A Wolf Licked My Face!

One great experience I had this summer was helping care for wolves at Mission: Wolf in Westcliffe, Colorado. I was able to do something I thought I could only dream of: meeting a wolf.

I was able to visit Mission: Wolf thanks to a company called The Road Less Traveled. I went on a program called Colorado- 5280. 5280 refers to the altitude of Denver, although the only time I was in Denver was when I came and departed from the two-week trip. In addition to volunteering, I was lucky to be able to participate in whitewater rafting, and rockclimbing as part of the program.

My adventure started when we arrived at Mission: Wolf at around 2:00 pm. Since we could tell it was going to rain soon, we sent up our tents and then put our bags in the newly set-up tents. After all 18 of us were done, we walked up a steep driveway to the main part of the sanctuary. We soon saw the director feeding Magpie, Abe, and Zeb, the ambassador wolves. Magpie, Abe, and Zeab travel around to show people that wolves are not the violent creatures most people think of, thanks to fairy tales. After watching the wolves get fed for 15 minutes, we met our leader, R2. She told us we only had enough time to have a tour and that we would help out over the next 4 days. On the tour, my group learned about 14 wolves out for the 30 wolves at the sanctuary. I learned about the troubled pasts these wolves had and  how they have handled being at Mission: Wolf. The tour was one of my favorite parts because not only was it interesting, but it motivated me to want to help the wolves.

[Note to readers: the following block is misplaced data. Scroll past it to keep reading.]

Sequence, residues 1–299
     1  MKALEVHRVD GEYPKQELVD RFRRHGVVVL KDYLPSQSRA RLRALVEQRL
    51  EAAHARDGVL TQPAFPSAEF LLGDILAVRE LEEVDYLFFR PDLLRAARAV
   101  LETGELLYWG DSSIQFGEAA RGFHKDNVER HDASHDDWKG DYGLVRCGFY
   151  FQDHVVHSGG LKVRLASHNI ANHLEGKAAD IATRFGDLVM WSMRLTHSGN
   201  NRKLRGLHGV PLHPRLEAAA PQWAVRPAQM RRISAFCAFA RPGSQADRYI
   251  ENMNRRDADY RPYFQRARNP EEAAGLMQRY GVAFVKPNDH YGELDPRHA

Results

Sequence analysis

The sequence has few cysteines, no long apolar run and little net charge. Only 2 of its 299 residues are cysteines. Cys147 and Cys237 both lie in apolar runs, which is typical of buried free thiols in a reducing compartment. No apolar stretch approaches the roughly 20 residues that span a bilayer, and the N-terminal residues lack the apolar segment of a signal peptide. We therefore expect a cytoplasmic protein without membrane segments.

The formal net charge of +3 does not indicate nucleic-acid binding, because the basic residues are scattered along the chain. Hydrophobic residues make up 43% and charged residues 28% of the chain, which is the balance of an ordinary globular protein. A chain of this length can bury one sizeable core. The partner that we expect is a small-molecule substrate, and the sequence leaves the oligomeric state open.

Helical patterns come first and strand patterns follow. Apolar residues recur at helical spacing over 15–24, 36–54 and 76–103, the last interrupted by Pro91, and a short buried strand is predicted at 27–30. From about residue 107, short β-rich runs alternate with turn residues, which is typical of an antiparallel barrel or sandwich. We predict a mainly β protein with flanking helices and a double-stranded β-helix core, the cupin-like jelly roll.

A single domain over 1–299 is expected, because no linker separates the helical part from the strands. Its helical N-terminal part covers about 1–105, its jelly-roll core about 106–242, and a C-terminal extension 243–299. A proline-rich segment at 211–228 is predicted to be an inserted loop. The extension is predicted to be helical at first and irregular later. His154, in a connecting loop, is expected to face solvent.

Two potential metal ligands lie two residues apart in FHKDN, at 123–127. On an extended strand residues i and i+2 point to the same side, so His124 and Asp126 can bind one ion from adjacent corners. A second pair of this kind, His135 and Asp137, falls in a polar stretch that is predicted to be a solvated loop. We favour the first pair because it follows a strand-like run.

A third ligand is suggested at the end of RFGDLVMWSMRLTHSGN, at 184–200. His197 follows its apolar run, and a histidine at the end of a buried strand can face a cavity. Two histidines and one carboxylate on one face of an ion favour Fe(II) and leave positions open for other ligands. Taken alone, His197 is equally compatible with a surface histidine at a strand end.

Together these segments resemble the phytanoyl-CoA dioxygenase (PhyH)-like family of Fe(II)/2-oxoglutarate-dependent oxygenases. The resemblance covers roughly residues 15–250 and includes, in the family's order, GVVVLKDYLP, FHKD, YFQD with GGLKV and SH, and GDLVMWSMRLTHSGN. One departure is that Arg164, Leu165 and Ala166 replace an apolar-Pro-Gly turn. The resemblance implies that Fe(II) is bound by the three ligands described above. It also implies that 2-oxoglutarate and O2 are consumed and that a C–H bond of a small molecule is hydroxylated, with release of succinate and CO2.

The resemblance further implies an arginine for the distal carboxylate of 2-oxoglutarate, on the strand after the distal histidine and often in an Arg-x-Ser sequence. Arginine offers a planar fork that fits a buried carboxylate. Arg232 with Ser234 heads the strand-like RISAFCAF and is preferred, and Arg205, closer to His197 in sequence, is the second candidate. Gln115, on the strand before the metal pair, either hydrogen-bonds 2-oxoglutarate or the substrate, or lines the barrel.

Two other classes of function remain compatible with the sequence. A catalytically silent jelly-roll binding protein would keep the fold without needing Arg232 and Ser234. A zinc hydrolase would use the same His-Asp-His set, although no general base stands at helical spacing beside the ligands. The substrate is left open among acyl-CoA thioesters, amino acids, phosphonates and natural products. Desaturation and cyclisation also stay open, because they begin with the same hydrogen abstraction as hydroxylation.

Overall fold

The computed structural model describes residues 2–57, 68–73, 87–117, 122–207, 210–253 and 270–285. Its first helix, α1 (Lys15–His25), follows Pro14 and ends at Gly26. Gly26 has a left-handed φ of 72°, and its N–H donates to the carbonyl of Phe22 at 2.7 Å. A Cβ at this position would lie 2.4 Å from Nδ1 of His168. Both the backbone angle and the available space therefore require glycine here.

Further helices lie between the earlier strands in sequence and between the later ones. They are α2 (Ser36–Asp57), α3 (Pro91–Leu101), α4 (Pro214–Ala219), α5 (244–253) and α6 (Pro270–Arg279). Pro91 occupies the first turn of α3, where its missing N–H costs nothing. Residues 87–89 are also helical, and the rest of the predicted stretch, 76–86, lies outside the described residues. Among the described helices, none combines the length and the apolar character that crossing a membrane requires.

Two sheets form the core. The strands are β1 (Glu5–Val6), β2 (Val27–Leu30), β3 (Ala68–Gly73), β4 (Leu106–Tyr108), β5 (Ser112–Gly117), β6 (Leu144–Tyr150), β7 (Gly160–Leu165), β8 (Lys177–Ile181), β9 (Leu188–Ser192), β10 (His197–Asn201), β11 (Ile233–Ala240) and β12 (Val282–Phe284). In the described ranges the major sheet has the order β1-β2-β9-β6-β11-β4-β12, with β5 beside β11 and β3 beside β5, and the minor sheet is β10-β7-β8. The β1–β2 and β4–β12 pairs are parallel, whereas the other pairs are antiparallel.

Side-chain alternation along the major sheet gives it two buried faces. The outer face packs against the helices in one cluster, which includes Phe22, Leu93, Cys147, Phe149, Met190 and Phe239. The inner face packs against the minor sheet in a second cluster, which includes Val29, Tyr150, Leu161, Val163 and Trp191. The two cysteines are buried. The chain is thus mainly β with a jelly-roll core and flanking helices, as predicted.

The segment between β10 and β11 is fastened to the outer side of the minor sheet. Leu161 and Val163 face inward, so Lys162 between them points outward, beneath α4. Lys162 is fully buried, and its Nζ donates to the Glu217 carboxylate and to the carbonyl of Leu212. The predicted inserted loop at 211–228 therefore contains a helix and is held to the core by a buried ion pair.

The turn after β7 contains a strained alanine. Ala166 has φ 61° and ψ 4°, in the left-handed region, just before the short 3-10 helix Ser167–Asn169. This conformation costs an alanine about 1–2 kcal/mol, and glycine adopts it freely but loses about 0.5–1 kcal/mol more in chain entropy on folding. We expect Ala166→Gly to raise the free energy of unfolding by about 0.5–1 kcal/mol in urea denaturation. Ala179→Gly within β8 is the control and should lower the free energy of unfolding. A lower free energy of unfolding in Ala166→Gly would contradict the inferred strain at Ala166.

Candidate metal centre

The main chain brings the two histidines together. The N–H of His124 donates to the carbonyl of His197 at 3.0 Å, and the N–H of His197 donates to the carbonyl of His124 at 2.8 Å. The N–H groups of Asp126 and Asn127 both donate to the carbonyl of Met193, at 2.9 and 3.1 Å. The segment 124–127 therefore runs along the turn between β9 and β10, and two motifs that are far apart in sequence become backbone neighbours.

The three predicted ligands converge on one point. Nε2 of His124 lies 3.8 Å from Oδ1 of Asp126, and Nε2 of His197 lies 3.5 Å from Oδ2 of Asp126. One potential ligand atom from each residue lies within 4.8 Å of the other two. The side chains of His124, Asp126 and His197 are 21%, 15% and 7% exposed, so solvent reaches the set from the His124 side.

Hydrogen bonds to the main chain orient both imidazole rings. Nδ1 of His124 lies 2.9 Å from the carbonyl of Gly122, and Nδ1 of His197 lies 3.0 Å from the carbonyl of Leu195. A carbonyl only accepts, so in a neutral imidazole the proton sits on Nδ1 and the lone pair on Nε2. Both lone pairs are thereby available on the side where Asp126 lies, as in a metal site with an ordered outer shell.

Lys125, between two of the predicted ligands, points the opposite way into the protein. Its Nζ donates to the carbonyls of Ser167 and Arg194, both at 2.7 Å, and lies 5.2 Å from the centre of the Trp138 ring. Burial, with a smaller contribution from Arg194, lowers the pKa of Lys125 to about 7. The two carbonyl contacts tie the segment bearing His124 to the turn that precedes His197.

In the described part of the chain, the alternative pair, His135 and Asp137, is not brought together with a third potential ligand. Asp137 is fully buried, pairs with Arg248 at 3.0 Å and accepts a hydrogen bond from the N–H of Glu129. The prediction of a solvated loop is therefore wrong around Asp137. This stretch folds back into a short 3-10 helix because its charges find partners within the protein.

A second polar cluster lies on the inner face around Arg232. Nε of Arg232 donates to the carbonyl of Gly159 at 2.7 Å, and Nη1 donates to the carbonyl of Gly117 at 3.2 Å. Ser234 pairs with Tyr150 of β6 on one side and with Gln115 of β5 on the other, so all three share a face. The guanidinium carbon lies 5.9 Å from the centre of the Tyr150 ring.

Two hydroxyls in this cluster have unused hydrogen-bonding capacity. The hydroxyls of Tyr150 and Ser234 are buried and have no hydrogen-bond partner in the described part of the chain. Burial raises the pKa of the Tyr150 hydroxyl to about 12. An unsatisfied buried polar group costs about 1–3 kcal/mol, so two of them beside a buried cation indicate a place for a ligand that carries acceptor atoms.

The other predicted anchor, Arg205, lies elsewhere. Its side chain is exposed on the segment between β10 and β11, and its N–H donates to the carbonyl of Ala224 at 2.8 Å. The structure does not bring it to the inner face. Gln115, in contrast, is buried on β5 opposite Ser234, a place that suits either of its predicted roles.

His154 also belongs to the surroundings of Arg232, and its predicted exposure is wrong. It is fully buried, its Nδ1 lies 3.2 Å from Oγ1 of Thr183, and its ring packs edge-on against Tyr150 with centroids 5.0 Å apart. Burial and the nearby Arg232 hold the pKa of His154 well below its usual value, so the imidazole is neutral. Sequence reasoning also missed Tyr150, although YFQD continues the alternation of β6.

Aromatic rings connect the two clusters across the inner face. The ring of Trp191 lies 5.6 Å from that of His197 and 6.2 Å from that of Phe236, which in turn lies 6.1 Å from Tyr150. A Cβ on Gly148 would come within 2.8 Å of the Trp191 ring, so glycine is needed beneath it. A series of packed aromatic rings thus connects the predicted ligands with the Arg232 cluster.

On day two, after a sleepless night due the howling wolves, my group and I hiked up to the main sanctuary.  My group split up to help out all around the camp. My friends and I decided to clean and organize both of the sanctuary’s cars. For two-three straight hours, we vacuumed out the cars and scrubbed down the windows. At around noon, my group had lunch. Then we had a new assignment: to sift and unsift the dirt for an on-site greenhouse to make food for the staff. For hours, my friend, a different Jack, and I did all of the work in the unsifted area. Although it was hard work, Jack and I did have a fun and felt like we were making a meaningful contribution to the sanctuary. When we were done for the day, my group and I had the experience of a lifetime: meeting the wolves. Kent, the director, taught us what to do and how to handle ourselves in almost every situation. We learned to act like “the coolest people in the world” and to not to look directly at the wolves, as a way to show superiority to them. At that point, the wolves become interested in you.. and you then get what you want: a lick. I followed these exact rules and had many licks to the face. It was awesome!!!

Of all of the days at Mission: Wolf,  day three was my least favorite day. Most of the activities of Day 3 were dull and not exciting. To start out the day,  I woke up, ate breakfast, and walked up to the main area. For about five hours of the day, shoveling dirt was all I did, and it was dirty and grueling. After finishing our goal of 4.5 tons, we went to to the gift shop. I bought a disc on the trophic cascade and a bracelet made of shedded wolf fur for my brother. After that, I had dinner and went to sleep.

Day four was simply breakfast and leaving for our next adventure.

Although meeting a wolf is a once-in-a-lifetime experience, I was dispointed that I was only able to spend about 30 minutes with the wolves.  The rest of the time was spent helping the staff with chores, so the staff could spend more time helping the wolves. I wish I could have done more, but I would not have traded my experience for anything.

–Jack Greff

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